A.I. on AM, or Waiting for Chappie
March 6, 2015
I was all prepared to give you my analysis of this week's Infinite Dial study release, but when I sat down to finally write it, I realized that I'd done it already. Digital making inroads, younger audiences going digital, podcasts growing and reaching a more affluent and educated audience, smartphones becoming practically ubiquitous... I've written about those for years, and it's great to see the research bearing it out. (You should, incidentally, go look at the study, because there's a lot in there that's relevant to your business.) As much as I end up repeating myself -- YOU try writing a weekly radio column for 15 or so years and not repeating yourself -- I hate to do it. So, sadly, I went off to find another topic.
Finding another topic, in my case, means wasting time randomly browsing a zillion tweets and websites until I give up, slam whatever comes into my head onto the blank screen, and call it a column. This time, in the course of that process, the news came across that Associated Press is going to start having robots cover college sports.
Robots! Yes, in case you haven't seen it, they're going to experiment with software from a company called Automated insights, which will take NCAA statistics and generate game stories, first with Division I baseball and then with other sports. And they've been doing this with corporate earnings stories already, and sports agate, and NFL player rankings posts, so...
So, it's here. Content is being generated by computers, not just the way radio's done it with voicetracking, but actually crafting content by plugging stats into stories on an automated basis. It's meant to allow coverage of events like small college sports without the need to pay a stringer. But, I can hear you saying, what about the human element? This can't replace the wit of a Jim Murray or the insight of a Red Smith or the seen-it-all wit of a Dan Jenkins, can it? No, but if the public only wants to know what happened in the game, it doesn't need to replace a Hall of Famer; it only needs to tell you who, what, when, where. How and why might not even make the cut.
Can this happen to talk radio? See, that's where I'm going to ask you: Is the content you're creating special? Or is it the same thing everyone else is doing, and that you've always done? If you're doing the same "big" topics, playing the hits, parroting the party line, hitting the talking points, I can see a day when a computer could simulate you. Seriously, for all of you who tell me that (Name of Certain Syndicated Host) does the same show every day and is totally predictable, don't you think that someone could create TalkRadioBot and program it to have predictable reactions and cite the same sources as the real thing? If the voice was made to be natural, and that's coming, too, would anyone notice?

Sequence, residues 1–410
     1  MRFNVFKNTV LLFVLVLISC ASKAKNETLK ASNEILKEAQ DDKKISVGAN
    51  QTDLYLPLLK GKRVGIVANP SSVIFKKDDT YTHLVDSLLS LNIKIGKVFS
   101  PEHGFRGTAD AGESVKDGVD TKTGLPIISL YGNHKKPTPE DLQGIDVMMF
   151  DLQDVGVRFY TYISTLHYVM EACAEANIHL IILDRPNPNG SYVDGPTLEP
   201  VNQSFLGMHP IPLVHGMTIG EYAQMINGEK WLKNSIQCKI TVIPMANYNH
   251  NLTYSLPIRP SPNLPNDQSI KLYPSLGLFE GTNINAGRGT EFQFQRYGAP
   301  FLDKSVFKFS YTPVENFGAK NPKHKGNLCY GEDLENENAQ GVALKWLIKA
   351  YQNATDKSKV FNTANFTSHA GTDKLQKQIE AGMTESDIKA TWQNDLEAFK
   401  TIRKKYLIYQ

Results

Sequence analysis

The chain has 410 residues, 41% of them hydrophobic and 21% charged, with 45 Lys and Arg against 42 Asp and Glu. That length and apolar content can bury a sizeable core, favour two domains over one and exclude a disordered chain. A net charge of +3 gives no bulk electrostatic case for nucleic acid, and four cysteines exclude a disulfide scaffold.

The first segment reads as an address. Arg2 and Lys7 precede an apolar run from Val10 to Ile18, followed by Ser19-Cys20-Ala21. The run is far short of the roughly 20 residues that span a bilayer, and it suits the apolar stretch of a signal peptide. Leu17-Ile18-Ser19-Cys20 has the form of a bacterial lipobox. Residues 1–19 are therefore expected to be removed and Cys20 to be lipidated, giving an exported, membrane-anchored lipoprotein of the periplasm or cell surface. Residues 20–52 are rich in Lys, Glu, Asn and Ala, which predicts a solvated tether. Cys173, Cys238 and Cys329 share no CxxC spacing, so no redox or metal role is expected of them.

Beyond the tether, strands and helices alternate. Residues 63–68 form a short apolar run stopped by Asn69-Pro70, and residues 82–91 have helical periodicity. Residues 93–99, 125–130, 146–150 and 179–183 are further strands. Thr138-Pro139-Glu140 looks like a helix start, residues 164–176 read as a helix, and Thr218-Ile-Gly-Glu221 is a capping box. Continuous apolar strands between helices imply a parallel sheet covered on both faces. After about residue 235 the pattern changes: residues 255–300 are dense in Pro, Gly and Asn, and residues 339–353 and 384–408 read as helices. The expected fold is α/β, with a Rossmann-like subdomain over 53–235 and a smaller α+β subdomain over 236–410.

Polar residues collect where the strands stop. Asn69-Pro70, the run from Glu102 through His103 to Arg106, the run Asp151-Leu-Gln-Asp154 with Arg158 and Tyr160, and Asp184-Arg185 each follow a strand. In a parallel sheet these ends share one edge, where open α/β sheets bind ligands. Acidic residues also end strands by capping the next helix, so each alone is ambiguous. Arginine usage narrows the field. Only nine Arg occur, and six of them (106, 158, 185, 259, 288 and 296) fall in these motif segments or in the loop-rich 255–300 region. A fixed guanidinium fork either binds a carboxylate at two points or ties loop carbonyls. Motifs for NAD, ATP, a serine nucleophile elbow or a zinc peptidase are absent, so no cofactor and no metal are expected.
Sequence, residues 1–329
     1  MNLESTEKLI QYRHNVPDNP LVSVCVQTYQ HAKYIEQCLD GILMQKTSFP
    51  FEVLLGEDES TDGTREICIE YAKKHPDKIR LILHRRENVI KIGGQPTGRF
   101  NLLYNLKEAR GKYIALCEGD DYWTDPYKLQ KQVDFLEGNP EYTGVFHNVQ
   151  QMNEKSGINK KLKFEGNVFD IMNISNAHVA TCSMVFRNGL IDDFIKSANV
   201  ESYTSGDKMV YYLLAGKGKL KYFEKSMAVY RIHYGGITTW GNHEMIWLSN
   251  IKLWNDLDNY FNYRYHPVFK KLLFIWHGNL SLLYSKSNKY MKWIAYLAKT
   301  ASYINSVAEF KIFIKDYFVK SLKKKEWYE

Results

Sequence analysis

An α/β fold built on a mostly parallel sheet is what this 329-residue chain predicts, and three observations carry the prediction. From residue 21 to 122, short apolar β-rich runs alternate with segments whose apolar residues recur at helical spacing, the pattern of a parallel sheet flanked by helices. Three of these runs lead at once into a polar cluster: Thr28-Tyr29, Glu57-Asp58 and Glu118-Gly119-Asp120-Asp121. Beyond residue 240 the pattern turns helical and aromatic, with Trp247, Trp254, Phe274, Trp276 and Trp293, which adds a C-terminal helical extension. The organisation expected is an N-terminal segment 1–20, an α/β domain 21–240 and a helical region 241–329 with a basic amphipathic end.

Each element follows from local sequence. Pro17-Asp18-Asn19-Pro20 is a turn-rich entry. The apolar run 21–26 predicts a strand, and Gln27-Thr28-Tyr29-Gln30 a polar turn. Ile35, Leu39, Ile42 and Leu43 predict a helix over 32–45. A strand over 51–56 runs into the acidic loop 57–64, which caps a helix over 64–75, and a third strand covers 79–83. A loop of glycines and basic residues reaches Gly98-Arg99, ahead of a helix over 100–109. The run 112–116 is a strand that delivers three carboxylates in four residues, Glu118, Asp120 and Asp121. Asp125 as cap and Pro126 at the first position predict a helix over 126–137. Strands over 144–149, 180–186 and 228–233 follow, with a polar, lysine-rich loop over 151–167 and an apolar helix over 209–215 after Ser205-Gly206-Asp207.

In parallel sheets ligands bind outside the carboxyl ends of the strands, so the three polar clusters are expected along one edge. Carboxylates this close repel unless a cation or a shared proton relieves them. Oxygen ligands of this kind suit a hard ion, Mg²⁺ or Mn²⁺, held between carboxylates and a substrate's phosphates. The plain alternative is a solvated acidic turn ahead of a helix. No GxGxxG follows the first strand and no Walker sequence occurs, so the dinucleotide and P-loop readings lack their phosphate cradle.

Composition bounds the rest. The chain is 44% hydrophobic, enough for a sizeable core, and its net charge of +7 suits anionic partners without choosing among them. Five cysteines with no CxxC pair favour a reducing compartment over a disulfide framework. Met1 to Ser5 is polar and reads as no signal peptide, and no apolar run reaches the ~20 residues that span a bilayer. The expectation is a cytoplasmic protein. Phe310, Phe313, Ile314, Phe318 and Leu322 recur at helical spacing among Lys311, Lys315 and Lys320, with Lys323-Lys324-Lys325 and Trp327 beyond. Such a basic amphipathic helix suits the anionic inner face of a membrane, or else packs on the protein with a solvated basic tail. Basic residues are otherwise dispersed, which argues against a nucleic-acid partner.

Which is another reason to get off the predictable talk radio Indignant Angry Guy bandwagon and do something different. No, TalkRadioBot is NOT around the corner; if someone cared enough to push hard in that direction, it could be here sooner than later, but I don't think anyone DOES care enough. (If they won't pay YOU much to do talk radio, why would they invest in robotic technology to save that little?) It should, however, make you think about whether what you do could survive in the event artificial intelligence takes over the Earth. It's another way of asking: What makes you so special? What's different about what you do? Why should people come to you for their talk radio entertainment?
Because an app might be able to do your job if you're NOT special. If you don't want to be replaced by The Chappie Show, it's time to give people a reason to come to you instead of that bucket of bolts.
Free quality topic prep? With topics and kickers and stuff you won't find anywhere else, or you'll find here before anyone else? Why, that's All Access News-Talk-Sports' Talk Topics, with hundreds of items and ideas to make your show better. Find it by clicking here. And the Talk Topics Twitter feed at @talktopics has every story individually linked to the appropriate item. Also, this week, it's "10 Questions With..." Joe Giglio, who parlayed his victory in WFAN/New York's Fantasy Phenom talent competition into work at the Fan, WIP/Philadelphia, and online; he's worked hard doing whatever it takes to make headway in sports radio, and doing multiple things to make your mark is a particularly 2015 story.
Full Disclosure: I also serve as Director of Programming for Nerdist Industries (a division of Legendary Pictures), which includes the Nerdist Podcast Network, one of your major podcast entities. And I'm still a radio guy. Not picking sides.
It occurs to me that if AP is using bots to do sports stories, it's only a matter of time before automation takes over other writing gigs and [INSERT LAME CLOSING JOKE HERE].